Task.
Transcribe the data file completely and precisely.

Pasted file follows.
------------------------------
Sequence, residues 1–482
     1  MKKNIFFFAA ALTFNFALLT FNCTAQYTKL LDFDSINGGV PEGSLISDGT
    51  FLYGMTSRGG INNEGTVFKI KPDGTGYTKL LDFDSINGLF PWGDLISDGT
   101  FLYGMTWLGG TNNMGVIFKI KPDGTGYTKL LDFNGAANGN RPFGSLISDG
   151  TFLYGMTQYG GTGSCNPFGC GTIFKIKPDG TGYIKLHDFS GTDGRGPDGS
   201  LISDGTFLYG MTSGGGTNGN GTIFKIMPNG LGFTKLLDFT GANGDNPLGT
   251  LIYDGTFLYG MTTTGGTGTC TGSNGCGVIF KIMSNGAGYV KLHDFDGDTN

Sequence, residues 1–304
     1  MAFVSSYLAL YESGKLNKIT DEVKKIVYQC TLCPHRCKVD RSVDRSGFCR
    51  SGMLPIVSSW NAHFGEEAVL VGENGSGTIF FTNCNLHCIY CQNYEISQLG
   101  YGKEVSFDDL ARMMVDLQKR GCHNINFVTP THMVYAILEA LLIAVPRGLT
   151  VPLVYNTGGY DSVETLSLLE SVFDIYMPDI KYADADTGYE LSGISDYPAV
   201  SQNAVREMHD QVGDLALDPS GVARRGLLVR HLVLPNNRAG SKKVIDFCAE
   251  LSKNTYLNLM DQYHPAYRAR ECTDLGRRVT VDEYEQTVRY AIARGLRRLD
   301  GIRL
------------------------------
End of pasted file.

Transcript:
Sequence, residues 1–482
     1  MKKNIFFFAA ALTFNFALLT FNCTAQYTKL LDFDSINGGV PEGSLISDGT
    51  FLYGMTSRGG INNEGTVFKI KPDGTGYTKL LDFDSINGLF PWGDLISDGT
   101  FLYGMTWLGG TNNMGVIFKI KPDGTGYTKL LDFNGAANGN RPFGSLISDG
   151  TFLYGMTQYG GTGSCNPFGC GTIFKIKPDG TGYIKLHDFS GTDGRGPDGS
   201  LISDGTFLYG MTSGGGTNGN GTIFKIMPNG LGFTKLLDFT GANGDNPLGT
   251  LIYDGTFLYG MTTTGGTGTC TGSNGCGVIF KIMSNGAGYV KLHDFDGDTN

Sequence, residues 1–304
     1  MAFVSSYLAL YESGKLNKIT DEVKKIVYQC TLCPHRCKVD RSVDRSGFCR
    51  SGMLPIVSSW NAHFGEEAVL VGENGSGTIF FTNCNLHCIY CQNYEISQLG
   101  YGKEVSFDDL ARMMVDLQKR GCHNINFVTP THMVYAILEA LLIAVPRGLT
   151  VPLVYNTGGY DSVETLSLLE SVFDIYMPDI KYADADTGYE LSGISDYPAV
   201  SQNAVREMHD QVGDLALDPS GVARRGLLVR HLVLPNNRAG SKKVIDFCAE
   251  LSKNTYLNLM DQYHPAYRAR ECTDLGRRVT VDEYEQTVRY AIARGLRRLD
   301  GIRL